Tuesday, March 17, 2009

Sleep through the recession? Tempting, but ...

I had Friday off, which was unusual. As I prepared for bed Thursday night, I excitedly planned the next day. I'd go to yoga class. I'd visit IKEA. I'd clean my kitchen.

Instead, what I did was sleep. Almost the entire day. I only staggered from bed that night because I was hungry.

Some people clean like crazy when they're stressed. Others compulsively eat. I slide into deep sleep. It's the ultimate avoidance tactic -- you can't think about how bad life is if you're unconscious.

Have you ever slept for, like, 12-13 hours? The more you sleep, the more your body wants to sleep. When you finally get up, it's as if you've been drugged. Your head feels full of cotton and your body aches. There's guilt at having slept the day away, with nothing to show for it at the end. And then there's the ultimate problem: your life is still there, just as stressful as when you went to bed.

I think people who live alone have to be careful not to isolate themselves, especially now. It's so easy to turn your home into a cocoon and never leave it, but that "safety" can foster a sense of hopelessness and contribute to a spiral of depression. I know because I've been there, and I know how easy it is to go there again.

I had that sleepfest on Friday, but I pulled myself out of it on Saturday. By Sunday I was at the movies with a friend. We had dinner after, and a long talk. We discussed the very things I had slept to avoid. I told her about my fears, she shared hers. We plotted plans of attack on problems, instead of wallowing in them. I was still stressed after, but I also felt more empowered.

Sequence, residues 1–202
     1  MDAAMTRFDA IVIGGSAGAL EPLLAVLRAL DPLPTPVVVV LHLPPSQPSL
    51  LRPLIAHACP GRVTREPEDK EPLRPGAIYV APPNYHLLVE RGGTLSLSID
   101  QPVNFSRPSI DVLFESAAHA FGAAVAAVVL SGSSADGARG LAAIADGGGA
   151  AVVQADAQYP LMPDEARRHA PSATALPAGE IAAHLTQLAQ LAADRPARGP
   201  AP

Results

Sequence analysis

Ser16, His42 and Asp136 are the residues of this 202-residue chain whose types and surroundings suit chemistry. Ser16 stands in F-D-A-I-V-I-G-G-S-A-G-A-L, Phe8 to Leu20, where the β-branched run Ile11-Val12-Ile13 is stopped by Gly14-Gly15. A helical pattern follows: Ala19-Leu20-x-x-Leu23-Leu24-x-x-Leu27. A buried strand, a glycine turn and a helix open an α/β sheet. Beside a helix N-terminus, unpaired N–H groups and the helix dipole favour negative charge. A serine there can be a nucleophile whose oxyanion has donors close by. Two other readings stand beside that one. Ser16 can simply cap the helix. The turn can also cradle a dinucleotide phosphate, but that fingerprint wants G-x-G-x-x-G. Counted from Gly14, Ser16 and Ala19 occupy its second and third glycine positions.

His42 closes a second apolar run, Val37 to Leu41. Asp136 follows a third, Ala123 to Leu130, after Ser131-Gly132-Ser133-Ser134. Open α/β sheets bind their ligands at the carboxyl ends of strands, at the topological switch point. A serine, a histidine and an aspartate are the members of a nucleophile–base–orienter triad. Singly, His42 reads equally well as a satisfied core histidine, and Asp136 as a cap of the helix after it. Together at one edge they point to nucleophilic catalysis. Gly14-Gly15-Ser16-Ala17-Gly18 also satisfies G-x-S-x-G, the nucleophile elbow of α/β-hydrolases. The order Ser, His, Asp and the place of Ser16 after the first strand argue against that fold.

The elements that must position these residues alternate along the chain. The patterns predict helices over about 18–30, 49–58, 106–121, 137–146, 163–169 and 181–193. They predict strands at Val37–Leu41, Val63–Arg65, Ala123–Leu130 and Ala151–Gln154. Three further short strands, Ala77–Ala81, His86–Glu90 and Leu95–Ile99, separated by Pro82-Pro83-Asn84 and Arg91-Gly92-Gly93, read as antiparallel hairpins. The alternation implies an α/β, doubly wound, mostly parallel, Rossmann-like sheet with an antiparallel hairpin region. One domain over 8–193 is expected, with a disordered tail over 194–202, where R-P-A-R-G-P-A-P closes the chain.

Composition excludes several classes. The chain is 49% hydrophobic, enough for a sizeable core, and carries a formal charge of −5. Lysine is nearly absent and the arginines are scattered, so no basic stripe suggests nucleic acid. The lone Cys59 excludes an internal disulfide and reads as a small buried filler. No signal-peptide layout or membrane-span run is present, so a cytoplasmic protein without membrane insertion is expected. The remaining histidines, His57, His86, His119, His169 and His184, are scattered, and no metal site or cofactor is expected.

Avoidance and denial are temptations too hard to resist sometimes. I think the key is to not beat yourself up for giving in. Talk to friends, talk to family. Don't build that cocoon.

4 comments:

Cat said...

Ahh but if you don't have that friend to call the cocoon is even more tempting. It's a blessing to have real friends you feel comfortable enough with to tell your fears to. In the age of blog it, text me instead of call me, or just send me an email. I think you will find people with good solid friends they can talk to is rare.

Anonymous said...

It's very easy to indulge depressed feelings when you live alone. You can "keep up appearances" in public while eating, drinking or sleeping away your woes at home. I think that's why my depression went undiagnosed for so many years. It wasn't until I lived with a significant other that it became unbearable. Kind of hard to make a relationship work when you're unhappy and withdrawn.

Realtor in Toronto said...

Sure sounds like a good idea, I love sleeping. But in these tough times, I have to work even harder to keep going. But sometimes it sure would be nice to just leave it all behind and get those 12-13 hours :) Too bad that when you wake up the problems are still there. If there was a way they disappeared...

Elli

Anonymous said...

wow, this just summed up a lot of my own fears-not just regarding the recession. I'm young and single and live alone-I have always enjoyed being solitary. But when you live alone, I'm learning it's so so easy to fall into a 'depressive routine' and it's so much more difficult to even bother to make plans (for me, anyway) than when I lived with roommates and had built in hang out buddies. I'm definitely struggling through it.